In addition, the infectious agent Needle and his colleagues are tracking doesn’t seem to be closely related to known pathogens, and it can’t be cultured in the lab. “If it were just like a new flavivirus [a class of virus that can cause diseases such as yellow fever and dengue in humans] or a new influenza or something like that, that would have been ‘bing, bang, boom’—it would have been [identified in] a couple weeks,” Needle says. “But since it’s weird, it took some digging.”
After months of work the researchers have found a bacterium that they’re beginning to think is the culprit. It’s a small bacterium that boasts a genome unusually rich in the DNA “letters” adenine and thymine and poor in cytosine and guanine—which is atypical for most organisms, Needle says. The bacterium also seems to be missing key genes that would allow it to survive on its own in the environment, he notes, which suggests it can live only within hosts.
The team is continuing a range of tests, including on new samples. Needle says he hopes his team will be able to confirm the identity of this mysterious pathogen within the next three to six weeks as sequencing and other testing continues.
The last significant new dog pathogen that veterinarians identified was canine influenza virus in 2004. “For me personally, it’s been really cool and horrible at the same time,” Needle says of the newly identified pathogen.
Even without knowing exactly what’s causing the illness, you can help keep your dog safe. Most important is to be sure dogs are up to date on all the recommended vaccinations. “While the existing vaccines may not specifically target this unknown infection, maintaining overall health through routine vaccinations can help support a dog’s immune system in combating various infections,” Rena Carlson, president of the American Veterinary Medical Association, said in a statement.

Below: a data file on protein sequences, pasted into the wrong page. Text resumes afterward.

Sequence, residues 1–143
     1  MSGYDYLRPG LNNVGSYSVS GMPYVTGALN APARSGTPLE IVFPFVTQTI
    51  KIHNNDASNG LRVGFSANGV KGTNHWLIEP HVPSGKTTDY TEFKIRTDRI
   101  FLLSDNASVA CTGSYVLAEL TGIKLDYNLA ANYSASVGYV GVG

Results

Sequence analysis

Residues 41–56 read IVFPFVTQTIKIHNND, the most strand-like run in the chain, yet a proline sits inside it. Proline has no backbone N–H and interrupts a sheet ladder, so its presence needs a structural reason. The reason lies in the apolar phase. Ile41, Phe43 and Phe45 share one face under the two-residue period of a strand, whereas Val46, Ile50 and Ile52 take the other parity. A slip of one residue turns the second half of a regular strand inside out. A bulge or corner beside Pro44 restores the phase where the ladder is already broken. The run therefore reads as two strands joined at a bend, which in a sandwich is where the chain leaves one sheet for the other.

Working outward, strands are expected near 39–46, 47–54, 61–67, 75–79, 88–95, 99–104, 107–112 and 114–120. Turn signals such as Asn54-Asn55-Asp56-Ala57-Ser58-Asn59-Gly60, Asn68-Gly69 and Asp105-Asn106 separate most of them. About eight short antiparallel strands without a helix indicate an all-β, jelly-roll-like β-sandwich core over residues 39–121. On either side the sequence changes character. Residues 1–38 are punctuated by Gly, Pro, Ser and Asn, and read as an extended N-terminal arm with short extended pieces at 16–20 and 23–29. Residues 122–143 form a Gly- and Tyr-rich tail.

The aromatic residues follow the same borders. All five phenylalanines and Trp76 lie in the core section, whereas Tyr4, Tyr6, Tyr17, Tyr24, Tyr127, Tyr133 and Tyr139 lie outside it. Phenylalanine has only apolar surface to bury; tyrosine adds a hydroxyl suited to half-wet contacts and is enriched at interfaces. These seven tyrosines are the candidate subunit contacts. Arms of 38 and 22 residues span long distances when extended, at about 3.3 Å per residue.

“Owners should monitor their dogs closely for progressive coughing that may be accompanied by signs of ocular or nasal discharges and sneezing,” she said, adding that the situation is particularly concerning if a dog also “loses its appetite, has trouble breathing, is coughing continually or is extremely lethargic.”
Aicher reminds dog owners not to bring their pups to kennels, doggy day care facilities, dog parks or other crowded situations if they seem sick. And if you need to take a coughing dog to the vet, call ahead and offer to wait in the car or bring your pet in through a different entry to avoid exposing other pets, she says.
Your local vet could also let you know if the new illness appears to be active in your region, Aicher says. If it is, owners can consider taking additional steps such as hiring a dog sitter instead of boarding their pup.
But in general she says that owners shouldn’t panic about this illness. “For the majority of people in the country, if they’re not in an area that’s having a known outbreak, I think that it’s life as usual, with just making sure that we’re doing all the things that we should have been doing all along,” Aicher says. “We can’t live in fear all the time.”